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A Traditional British Christmas Dinner 
Once I had made the stuffing and shaped it into balls, I set them aside on a plate. It made about six 2 inch balls.
I then got on with making the pigs in blankets. 
 Pigs in Blankets

Pigs in Blankets

Yield: 2 - 3Author: Marie RaynerThis is a small portion designed to serve only a few people. It lacks none of the deliciousness of the full version!


  • 6 chipolata sausages (in North American use breakfast sausage links)
  • 3 slices of streaky smoked bacon, cut in half crosswise


  1. Once you have cut your bacon in half crosswise, stretch each piece a bit and wrap one piece around each sausage link. Place onto the plate/oven tray seam side down.
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A Traditional British Christmas Dinner 
These were also placed on a plate and then I popped the plate into the refrigerator to keep the meat chilled while I prepped the other vegetables. 
I trimmed the brussels sprouts and cut them in half. 
I peeled one carrot, one parsnip and a 1-inch thick slice of a small rutabaga/swede/turnip.  I cut each vegetable into evenly sized batons/sticks, and then par-boiled them in some boiling water for about 5 minutes.
I then tossed them together with 1/2 TBS  honey, 1/2 TBS melted butter and the finely grated zest of 1/2 unwaxed lemon. (Or a waxed one scrubbed in warm water. In any case I scrub my lemons anyways.)
A Traditional British Christmas Dinner 
I then removed the tray from the oven. I tested the breast meat and it was done. (Internal temp of 165*F/75*C.  Note that if you cook it to just short of that (162/73), it will continue to cook while it rests and your meat won't be dried out.)
I set the meat aside, lightly tented and kept warm while the rest of the dinner cooked. 
As you can see the potatoes are starting to get a nice golden crust on them. I flipped them over and then added the sausage balls, pigs in blankets and roasting vegetables to the tray, and increased the oven temperature to 400*F/200*C/ Gas mark 6.
A Traditional British Christmas Dinner I then returned the tray to the oven to cook at the higher temperature for about 35 minutes, flipping everything over halfway through the cook time.
While they were cooking I got on with making the gravy and cooking my brussels sprouts.  I used my Perfect Gravy from Scratch recipe, and then steamed my brussels sprouts for about 5 minutes. (They were large and cut in half.)  Those I cooked right at the last minute.
A Traditional British Christmas Dinner 
The stuffing balls and pigs in blankets were done when no longer pink inside and the vegetables were nicely caramelized as you can see.
You can also see how nice and crispy my roasted potatoes were.
Everything was simply cooked to perfection, and I wasn't long sitting down and enjoying my beautiful traditional British Christmas Dinner/Lunch for Two!!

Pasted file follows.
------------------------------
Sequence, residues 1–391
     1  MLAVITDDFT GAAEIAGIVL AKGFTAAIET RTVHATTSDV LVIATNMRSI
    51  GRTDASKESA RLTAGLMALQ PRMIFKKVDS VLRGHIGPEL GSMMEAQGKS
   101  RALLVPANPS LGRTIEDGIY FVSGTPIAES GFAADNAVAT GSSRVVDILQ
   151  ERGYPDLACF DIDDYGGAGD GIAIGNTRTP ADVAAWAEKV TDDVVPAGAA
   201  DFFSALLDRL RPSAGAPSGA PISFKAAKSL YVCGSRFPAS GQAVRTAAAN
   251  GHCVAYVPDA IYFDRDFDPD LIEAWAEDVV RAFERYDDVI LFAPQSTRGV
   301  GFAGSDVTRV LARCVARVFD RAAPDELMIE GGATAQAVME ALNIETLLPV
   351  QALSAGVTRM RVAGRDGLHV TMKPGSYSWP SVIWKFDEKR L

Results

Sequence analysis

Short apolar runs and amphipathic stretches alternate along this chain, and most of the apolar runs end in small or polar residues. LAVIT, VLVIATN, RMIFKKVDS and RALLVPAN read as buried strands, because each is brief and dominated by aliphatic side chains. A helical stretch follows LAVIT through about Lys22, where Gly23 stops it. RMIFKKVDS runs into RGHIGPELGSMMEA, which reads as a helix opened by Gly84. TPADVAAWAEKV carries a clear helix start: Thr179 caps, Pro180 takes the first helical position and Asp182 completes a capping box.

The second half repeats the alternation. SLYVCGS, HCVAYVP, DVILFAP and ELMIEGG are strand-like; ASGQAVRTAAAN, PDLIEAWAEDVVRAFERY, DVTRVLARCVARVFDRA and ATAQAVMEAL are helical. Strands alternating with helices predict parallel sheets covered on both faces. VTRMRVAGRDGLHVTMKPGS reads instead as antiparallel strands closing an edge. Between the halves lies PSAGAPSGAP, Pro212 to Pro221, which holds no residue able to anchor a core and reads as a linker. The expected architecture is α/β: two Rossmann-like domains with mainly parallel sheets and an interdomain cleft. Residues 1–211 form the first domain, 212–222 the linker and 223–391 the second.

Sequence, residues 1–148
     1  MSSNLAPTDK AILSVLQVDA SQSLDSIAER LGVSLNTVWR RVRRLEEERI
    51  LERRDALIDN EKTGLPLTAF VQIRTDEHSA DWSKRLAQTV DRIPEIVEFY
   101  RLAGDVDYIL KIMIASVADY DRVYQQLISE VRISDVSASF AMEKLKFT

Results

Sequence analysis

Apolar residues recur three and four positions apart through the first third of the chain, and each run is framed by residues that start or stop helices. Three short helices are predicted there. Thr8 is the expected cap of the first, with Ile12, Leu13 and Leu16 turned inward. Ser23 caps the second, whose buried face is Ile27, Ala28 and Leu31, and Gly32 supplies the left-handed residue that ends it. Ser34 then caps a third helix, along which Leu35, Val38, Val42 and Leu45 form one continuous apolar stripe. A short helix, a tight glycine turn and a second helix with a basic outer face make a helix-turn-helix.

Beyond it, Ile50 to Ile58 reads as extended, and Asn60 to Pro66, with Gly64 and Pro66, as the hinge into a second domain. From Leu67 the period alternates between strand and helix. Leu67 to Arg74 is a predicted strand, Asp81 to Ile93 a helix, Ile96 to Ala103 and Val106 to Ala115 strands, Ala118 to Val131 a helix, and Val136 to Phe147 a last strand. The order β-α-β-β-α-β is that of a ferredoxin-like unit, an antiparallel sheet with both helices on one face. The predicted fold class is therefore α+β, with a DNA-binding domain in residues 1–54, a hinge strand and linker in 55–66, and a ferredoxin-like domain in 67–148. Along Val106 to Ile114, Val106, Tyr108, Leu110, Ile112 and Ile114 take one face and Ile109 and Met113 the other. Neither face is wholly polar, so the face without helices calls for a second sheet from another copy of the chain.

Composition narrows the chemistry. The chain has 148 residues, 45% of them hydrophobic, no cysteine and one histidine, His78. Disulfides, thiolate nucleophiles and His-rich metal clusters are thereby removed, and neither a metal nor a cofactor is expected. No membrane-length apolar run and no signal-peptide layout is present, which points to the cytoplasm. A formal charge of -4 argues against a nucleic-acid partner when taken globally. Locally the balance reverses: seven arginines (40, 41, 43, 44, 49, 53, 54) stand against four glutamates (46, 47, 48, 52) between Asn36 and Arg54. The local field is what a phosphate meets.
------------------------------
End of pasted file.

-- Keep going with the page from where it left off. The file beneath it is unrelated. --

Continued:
A Traditional British Christmas Dinner TIMELINE FOR COOKING THE DINNER
  • Place the turkey and prepped potatoes onto a foil lined baking tray. Put the turkey in about 1 1/2 hour prior to you wanting to serve the meal along with the parboiled potatoes for roasting, at 375*F/190*C/ gas mark 5.
  • While they are cooking make your sausage stuffing and pigs in blankets.  Prep any other vegetables needed.
  • Remove the turkey about 45 minutes to one hour later. The exact time will depend on the size of your piece of meat.  Remove it, tent and set aside to keep warm.
  • Turn over your potatoes. Place the stuffing balls, pigs in blankets and prepped parsnips/carrots and swede the baking tray. Increase the oven temperature to 400*F/200*C/gas mark 6.  Return the baking tray to the oven and cook for a further 30 to 35 minutes until everything is cooked through, golden brown and the vegetables are just beginning to caramelize.
  • While the stuffing, etc. is cooking make your gravy and then steam your brussels sprouts at the last minute. 
  • Carve the turkey and serve.

A Traditional British Christmas Dinner And there you have it!  The perfect Traditional British Christmas Dinner, perfectly sized for just two to three people from start to finish.
I have not included the dessert.  Most people will have mince pies, Christmas Pudding, Christmas Cake and often a Trifle.  You can find my recipe for a Traditional Christmas Trifle here.  Its delicious and very traditional.   It is also full sized.
For the smaller family I would cut  recipe in half, but set it up in individual dessert glasses, You will have enough dessert for two days, but I don't think anyone will be complaining! 
All in all this is a lovely meal.  I really enjoyed it and am contemplating doing a full sized one for my family come Christmas time. My oldest boy is supposed to come over with his wife and two sons.  I am not sure they would appreciate all the extras however, so I will ponder on that!If you would like full sized recipes for the stuffing or anything else just ask and I will happily give them to you!